criticize the prevailing model of communication in the management literature that they call a "conduit model". The conduit model is based on message transmission metaphor, where the interpretation of messages is unproblematic. Boland and Tenkasi suggest another model based on Wittgensteinian language- games. For this model they introduce the concepts of communities of knowledge, and perspective making and taking. A community of knowing is a group of specialized knowledge workers dealing with a part of an overall organizational problem, and in doing so, involved in their own language-game.
Perspective making is a process, where a community of knowing clarifies and strengthtens its understanding of the problem at hand and its ability to deal with it. The knowledge of a community must be represented explicitly to be communicable, but, at the same time, the very process of perspective taking facilitates also better understanding of the distinct ways others will try to communicate. The knowledge must then be represented and made available to others in a way which preserves the uniqueness of a perspective, so that it can be incorporated in the perspective-taking process. Perspective taking means that communities of knowing actively take each other into account within their own language games and construct new games for interaction. Members of one community must "take another's perspective" -- be able to recognize different ways of knowing of others -- to appreciate, exchange, evaluate and integrate the knowledge represented from another perspective with that of their own.
This paper takes a first step to develop a simple categorization for contextual information to help perspective making and taking. The framework is based on the structure of activity in Activity Theory (see e.g. Nardi 1996). Activity Theory (AT for short) is but one of the many potential foundations for such categorization. For the purpose of this paper, however, AT seems to be a strong candidate: the very concept of activity has been constructed to help to contextualize human actions. Thus it can be assumed that the theory seriously attempts to consolidate the essential features of a context.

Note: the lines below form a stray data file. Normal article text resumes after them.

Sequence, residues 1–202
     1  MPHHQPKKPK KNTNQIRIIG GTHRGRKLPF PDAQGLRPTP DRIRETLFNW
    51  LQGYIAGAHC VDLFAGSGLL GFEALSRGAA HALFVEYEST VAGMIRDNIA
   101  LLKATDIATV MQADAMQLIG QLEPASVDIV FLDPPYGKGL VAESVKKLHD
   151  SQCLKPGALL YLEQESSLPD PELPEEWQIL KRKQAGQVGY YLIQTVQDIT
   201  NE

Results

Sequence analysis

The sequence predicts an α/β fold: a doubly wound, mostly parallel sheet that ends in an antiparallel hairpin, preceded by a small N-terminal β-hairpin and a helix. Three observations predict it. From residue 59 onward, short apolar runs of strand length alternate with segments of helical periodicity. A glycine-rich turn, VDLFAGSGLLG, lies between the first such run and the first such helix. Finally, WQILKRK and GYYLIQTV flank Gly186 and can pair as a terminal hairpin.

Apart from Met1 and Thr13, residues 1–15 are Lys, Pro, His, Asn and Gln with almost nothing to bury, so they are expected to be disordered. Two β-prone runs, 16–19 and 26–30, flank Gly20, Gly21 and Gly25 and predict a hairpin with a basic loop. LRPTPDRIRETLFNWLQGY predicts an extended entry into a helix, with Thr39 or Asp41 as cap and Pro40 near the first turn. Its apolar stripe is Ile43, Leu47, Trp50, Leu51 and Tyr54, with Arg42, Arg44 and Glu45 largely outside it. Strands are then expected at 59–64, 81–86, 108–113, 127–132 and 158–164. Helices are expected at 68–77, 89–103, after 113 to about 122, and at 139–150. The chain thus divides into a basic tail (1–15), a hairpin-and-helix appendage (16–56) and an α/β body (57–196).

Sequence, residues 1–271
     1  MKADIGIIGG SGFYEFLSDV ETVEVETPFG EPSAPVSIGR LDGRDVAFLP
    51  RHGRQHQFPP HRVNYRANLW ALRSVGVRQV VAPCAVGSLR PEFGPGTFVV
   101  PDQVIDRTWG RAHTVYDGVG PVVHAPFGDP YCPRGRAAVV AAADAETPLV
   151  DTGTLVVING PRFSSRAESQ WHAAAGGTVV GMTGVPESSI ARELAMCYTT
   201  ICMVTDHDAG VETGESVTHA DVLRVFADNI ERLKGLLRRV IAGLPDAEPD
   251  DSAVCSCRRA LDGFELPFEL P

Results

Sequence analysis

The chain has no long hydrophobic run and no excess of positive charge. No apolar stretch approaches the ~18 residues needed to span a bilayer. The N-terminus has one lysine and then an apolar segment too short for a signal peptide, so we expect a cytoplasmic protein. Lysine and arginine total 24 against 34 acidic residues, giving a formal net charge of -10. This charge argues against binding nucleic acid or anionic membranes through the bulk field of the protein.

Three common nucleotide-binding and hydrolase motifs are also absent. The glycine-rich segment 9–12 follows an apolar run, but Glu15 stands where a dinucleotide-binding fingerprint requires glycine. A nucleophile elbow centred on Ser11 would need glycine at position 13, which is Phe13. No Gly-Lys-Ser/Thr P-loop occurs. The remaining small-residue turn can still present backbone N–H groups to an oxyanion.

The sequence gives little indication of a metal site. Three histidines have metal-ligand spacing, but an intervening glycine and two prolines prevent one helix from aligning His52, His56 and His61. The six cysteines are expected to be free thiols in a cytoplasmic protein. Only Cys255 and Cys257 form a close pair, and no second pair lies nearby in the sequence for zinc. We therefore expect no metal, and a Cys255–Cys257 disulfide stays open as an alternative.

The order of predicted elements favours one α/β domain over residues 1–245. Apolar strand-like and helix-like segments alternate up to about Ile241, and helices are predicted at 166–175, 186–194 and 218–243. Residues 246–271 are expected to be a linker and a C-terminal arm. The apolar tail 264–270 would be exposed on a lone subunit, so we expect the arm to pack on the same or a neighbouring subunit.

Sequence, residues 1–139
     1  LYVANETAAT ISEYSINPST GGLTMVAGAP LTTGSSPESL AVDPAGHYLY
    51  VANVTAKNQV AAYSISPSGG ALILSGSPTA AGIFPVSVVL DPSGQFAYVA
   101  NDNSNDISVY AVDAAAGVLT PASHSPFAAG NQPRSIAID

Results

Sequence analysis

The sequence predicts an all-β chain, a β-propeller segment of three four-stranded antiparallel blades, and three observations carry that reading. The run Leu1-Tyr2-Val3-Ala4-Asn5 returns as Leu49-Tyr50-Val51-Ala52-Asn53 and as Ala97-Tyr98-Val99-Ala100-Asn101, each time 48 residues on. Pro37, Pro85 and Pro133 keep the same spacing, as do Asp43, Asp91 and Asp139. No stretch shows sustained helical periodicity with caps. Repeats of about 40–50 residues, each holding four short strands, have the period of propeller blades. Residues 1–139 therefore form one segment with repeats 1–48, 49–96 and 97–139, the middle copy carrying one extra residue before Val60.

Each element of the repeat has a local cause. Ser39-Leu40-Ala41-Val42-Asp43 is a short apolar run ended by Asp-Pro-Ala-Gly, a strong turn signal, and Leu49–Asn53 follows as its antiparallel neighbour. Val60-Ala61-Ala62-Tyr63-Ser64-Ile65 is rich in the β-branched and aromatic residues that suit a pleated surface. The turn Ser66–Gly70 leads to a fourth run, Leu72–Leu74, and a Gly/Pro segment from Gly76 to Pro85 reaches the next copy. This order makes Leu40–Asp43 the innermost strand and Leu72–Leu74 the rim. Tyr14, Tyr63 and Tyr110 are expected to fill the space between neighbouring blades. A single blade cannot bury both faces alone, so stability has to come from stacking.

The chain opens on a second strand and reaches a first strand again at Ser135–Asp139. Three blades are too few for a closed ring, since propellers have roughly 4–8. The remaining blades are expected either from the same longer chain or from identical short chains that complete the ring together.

According to AT, cooperative work processes can be seen as work activities. The issue that distinguishes work activities from each other is the existence of a particular object. The concept of object contains not only the material to be cooperatively transformed in a process, but also the potentiality of the outcome to fill a certain need, a vision that motivates the whole cooperative effort.
Activities are realized in actions, combined into a process where the object is manipulated and transformed. The actions are performed by the community of actors, that has been organized according to the needs of manipulation and transformation of the object and resources available. Each of the stakeholders